Jerusha Tanner Rhodes, Ph.D., Associate Professor of Islam and Interreligious Engagement and Director of the Islam, Social Justice, & Interreligious Engagement (ISJIE) Program at Union Theological Seminary, has been awarded the Racial Equity and Interfaith Cooperation Curricular Award from Interfaith America (formally Interfaith Youth Core). Rhodes will use the $1,000 grant funds to develop a new course titled, “Multireligious, Interreligious Ghana.”
The Interfaith America Racial Equity and Interfaith Cooperation Curricular Award is designed to support university faculty in creating or revising courses that explore the intersections of interfaith efforts and racial justice. The award supports this critical work at universities across the United States. Interfaith America, formerly known as Interfaith Youth Core, is described on its website as the “nation’s premier interfaith organization.”
Rhodes’ research focuses on interreligious engagement and religious pluralism, comparative theology, and Muslima theology. Her new grant-supported course, “Multireligious, Interreligious Ghana” will offer an exploration of the religious landscape of Ghana, where Indigenous traditional practices, Islam, Christianity, and other traditions all interact.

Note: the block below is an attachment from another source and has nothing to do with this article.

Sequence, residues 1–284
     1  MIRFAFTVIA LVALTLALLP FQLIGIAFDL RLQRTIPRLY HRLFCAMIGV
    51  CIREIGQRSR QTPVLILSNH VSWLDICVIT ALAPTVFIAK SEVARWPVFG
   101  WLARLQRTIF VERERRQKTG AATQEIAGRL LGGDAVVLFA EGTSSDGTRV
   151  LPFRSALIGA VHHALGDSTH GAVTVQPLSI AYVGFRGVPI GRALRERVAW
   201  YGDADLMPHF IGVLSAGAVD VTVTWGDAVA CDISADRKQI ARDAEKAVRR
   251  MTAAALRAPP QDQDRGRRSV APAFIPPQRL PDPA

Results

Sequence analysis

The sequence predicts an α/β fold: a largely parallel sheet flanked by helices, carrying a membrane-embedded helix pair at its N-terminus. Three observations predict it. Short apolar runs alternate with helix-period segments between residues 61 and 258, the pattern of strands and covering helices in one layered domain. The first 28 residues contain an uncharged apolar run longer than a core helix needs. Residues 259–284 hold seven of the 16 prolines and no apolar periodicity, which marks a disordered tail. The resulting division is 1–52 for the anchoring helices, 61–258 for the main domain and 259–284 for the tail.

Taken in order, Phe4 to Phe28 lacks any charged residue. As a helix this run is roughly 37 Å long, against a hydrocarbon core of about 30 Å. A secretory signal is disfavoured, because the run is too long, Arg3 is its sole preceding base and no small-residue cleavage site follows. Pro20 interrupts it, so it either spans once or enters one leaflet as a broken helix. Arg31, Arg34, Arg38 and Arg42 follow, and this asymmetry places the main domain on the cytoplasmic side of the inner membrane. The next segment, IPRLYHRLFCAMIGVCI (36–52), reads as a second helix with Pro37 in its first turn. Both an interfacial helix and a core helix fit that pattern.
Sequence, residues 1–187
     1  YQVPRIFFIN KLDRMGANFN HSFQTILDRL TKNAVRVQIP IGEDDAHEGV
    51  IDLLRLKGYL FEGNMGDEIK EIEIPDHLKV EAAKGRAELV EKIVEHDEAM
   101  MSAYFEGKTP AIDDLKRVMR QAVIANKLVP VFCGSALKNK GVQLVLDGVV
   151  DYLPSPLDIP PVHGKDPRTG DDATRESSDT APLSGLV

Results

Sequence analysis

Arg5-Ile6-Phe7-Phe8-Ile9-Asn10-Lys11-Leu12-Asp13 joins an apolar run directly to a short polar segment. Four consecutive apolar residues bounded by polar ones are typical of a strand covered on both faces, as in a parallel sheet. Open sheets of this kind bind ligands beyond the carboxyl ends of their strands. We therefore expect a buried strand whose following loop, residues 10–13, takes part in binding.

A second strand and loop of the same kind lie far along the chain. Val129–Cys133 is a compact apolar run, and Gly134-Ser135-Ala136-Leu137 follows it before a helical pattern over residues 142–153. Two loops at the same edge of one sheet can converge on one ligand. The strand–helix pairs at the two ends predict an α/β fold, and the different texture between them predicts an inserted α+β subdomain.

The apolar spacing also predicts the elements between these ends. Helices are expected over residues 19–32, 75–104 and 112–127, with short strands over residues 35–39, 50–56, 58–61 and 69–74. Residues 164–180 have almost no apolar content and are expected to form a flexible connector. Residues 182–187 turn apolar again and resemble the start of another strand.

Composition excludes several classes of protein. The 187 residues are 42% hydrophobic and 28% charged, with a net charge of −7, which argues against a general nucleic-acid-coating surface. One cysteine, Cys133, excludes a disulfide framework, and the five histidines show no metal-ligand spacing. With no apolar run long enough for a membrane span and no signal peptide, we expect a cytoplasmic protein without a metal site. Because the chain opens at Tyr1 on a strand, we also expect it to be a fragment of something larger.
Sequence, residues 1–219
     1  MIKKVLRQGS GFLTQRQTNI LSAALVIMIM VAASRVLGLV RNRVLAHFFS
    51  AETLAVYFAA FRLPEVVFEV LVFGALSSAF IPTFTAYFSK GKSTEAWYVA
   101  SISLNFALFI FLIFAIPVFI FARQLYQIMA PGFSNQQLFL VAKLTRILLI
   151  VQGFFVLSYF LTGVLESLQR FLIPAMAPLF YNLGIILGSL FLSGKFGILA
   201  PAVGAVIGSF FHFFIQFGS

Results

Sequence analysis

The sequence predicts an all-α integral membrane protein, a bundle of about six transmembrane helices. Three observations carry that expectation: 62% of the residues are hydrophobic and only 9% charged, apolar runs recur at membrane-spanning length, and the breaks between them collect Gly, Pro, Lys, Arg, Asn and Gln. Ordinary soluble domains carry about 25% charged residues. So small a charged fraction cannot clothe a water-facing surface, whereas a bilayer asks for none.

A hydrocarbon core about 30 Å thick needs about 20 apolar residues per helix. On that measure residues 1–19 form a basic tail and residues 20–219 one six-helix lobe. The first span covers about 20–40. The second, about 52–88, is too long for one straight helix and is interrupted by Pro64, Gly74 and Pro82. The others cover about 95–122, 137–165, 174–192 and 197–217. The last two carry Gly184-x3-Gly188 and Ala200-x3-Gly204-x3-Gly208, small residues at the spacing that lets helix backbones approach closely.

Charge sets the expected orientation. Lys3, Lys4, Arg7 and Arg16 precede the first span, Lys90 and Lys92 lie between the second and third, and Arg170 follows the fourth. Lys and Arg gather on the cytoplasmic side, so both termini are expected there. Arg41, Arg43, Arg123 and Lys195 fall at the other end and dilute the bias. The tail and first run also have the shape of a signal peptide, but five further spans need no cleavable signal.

“By focusing on interfaith/interreligious engagement in Ghana, this course will center Black experiences, Black histories, and Black approaches to religious diversity,” says Jerusha Tanner Rhodes, Ph.D in her award-winning grant proposal. “This will expand the boundaries of the field of interfaith/interreligious studies, which often centers white and Christian perspectives.”
Dr. Jerusha Rhodes earned a Ph.D. in Theological and Religious Studies with a focus on Religious Pluralism at Georgetown University in 2011. She is the author of Never Wholly Other: A Muslima Theology of Religious Pluralism (Oxford University Press, March 2014) and Divine Words, Female Voices: Muslima Explorations in Comparative Feminist Theology (Oxford University Press, 2018).